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Space Firm Launches Drive to De-orbit Historic Prospero Satellite

Ross Kelly


Prospero is the first and only British satellite launched into orbit.

Scottish rocket company Skyrora has called on the UK space industry to support efforts to find the first British satellite launched by a British rocket and remove it from orbit.

Speaking at the ‘Finding Prospero’ launch event yesterday, Skyrora CEO Volodymyr Levykin was joined by British astronaut Major Tim Peake in issuing the call to action, urging government, academia and commercial space companies to develop a technical plan to de-orbit Prospero.

Hosted by TV presenter Dallas Campbell, the launch event featured speakers such as Black Arrow engineer Terry Brooke and Joanne Wheeler, a leading practitioner in satellite regulation.

Finding Prospero

On 27th October 1971, the iconic Black Arrow rocket launched from a testing facility in Woomera, South Australia. With it, Black Arrow carried Prospero, the first and only satellite launched by the UK.

Weighing a little over 66kg, Prospero was launched for scientific purposes. Its primary aim was to test new telemetry systems and analyse micrometeoroid particles in the Earth’s upper atmosphere.

Nearly 50 years later, Prospero and Black Arrow stand as testament to the expertise of British engineering. The latter is now on public display at the Farnborough Air Sciences Trust (FAST) Museum while Prospero continues to orbit the Earth.

While both conjure feelings of great pride in British engineering, Prospero also serves as an example of humanity’s growing impact on space. The satellite is still up there, along with countless other satellites and various pieces of debris.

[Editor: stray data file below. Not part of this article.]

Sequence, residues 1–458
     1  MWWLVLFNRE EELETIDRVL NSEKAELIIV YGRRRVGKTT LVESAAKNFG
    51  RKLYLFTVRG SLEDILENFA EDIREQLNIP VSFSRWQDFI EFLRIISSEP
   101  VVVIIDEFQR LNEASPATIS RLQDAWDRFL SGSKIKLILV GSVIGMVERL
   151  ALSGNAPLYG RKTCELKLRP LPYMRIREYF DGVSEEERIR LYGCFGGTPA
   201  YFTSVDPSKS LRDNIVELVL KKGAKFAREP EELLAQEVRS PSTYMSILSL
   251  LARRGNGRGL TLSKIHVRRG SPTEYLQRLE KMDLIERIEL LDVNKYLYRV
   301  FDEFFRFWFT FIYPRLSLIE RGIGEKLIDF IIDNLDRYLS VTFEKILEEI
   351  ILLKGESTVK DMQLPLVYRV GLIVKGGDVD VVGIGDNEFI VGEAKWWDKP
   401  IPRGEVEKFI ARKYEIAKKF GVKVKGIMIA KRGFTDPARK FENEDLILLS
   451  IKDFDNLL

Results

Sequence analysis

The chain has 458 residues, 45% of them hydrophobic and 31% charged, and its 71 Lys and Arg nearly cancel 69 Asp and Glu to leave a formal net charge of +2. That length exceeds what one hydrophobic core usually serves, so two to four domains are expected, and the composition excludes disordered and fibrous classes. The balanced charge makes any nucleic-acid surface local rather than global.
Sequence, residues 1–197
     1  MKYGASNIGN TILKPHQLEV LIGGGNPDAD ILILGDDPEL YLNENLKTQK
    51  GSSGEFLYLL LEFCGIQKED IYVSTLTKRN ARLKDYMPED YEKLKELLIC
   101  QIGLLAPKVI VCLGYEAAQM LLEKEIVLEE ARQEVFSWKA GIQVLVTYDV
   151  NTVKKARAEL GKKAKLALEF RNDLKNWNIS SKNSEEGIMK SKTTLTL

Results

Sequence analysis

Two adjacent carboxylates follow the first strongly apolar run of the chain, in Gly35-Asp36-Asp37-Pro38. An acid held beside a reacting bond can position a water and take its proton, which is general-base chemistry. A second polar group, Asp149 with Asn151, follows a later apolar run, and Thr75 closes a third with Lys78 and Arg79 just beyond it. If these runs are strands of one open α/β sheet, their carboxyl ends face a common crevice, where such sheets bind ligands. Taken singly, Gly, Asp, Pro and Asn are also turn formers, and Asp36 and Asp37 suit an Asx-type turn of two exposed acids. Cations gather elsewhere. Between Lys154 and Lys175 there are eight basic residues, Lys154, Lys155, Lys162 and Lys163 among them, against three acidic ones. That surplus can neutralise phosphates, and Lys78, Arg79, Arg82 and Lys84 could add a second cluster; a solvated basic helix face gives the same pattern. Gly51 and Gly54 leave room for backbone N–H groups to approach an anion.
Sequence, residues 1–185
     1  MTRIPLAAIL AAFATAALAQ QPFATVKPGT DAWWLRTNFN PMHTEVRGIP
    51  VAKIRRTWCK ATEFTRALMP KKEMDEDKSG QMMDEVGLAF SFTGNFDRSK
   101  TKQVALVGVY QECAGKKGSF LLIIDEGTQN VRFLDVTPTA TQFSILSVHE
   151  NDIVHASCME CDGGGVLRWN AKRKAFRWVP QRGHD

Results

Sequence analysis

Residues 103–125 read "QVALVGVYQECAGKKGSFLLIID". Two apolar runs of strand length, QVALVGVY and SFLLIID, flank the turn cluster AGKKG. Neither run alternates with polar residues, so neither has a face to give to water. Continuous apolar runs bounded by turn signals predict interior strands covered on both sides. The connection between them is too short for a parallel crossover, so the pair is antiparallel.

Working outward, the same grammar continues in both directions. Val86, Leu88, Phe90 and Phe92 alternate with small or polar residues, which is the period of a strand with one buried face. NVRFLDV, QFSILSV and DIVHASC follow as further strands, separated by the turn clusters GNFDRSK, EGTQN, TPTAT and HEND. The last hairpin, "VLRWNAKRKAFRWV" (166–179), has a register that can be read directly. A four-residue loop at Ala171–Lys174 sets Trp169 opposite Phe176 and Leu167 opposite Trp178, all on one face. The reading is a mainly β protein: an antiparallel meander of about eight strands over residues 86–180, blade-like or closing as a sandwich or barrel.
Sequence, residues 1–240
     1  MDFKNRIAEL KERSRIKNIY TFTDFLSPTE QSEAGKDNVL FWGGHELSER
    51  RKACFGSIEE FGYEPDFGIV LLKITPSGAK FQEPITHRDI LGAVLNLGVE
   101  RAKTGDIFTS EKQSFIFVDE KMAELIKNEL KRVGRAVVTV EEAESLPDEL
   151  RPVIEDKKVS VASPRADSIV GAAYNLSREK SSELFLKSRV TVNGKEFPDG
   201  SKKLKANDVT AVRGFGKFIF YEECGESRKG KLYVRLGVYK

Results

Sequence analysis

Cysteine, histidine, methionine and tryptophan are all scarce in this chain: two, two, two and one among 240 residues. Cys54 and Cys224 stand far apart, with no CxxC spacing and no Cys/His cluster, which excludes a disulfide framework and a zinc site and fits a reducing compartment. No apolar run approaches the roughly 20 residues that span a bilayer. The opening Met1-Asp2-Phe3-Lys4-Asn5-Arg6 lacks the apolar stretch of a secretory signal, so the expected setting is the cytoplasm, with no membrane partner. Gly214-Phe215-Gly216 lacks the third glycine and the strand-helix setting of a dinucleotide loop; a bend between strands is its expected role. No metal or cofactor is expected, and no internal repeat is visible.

Recent figures suggest there are more than 34,000 objects larger than 10cm in size orbiting the Earth – and of these, 3,000 are redundant satellites.

Although the debris humans have left in space thus far seems small in the grand scheme of things, the volume of space junk is growing and shows no signs of stopping as the commercial space race continues to heat up.


Speaking yesterday, Levykin said that as the country prepares to celebrate the 50th anniversary of Prospero’s launch, the occasion marks an opportunity to commit to a more sustainable future in space.

“It’s 50 years since the UK launched a British satellite into orbit from a British rocket. The UK is a world leader in space technology, and today as a country we are embarking on a new chapter of space innovation,” he said.

“By recovering Prospero, we are not only coming together as a space nation and taking responsibility for what we have launched into orbit, but also confirming our commitment to the sustainable use of outer space,” Levykin added.


Earlier this year, Skyrora successfully completed trials of the third stage of its XL rocket, including its OTV, a vehicle that can re-fire its engines around 15 times to complete tasks such as de-orbiting defunct satellites.

Skyrora revealed that a mission to de-orbit Prospero could be the Space Tug’s first real-world deployment and a demonstration of its long-term potential in removing “space junk”.

The mission to retrieve Prospero will also seek to engage and inspire a new generation of space enthusiasts by showcasing one of the UK space industry’s greatest achievements.

Skyrora’s space tug forms just one part of the company’s efforts to lead the space industry in sustainability.

The Edinburgh-headquartered firm uses 3D printing in the manufacture of its rockets, and has also developed its own green rocket fuel, Ecosene.

Made from waste plastic, Ecosene could prevent more than 3,000 tonnes of unrecyclable plastic going to landfill by 2030.

Ross Kelly

Staff Writer

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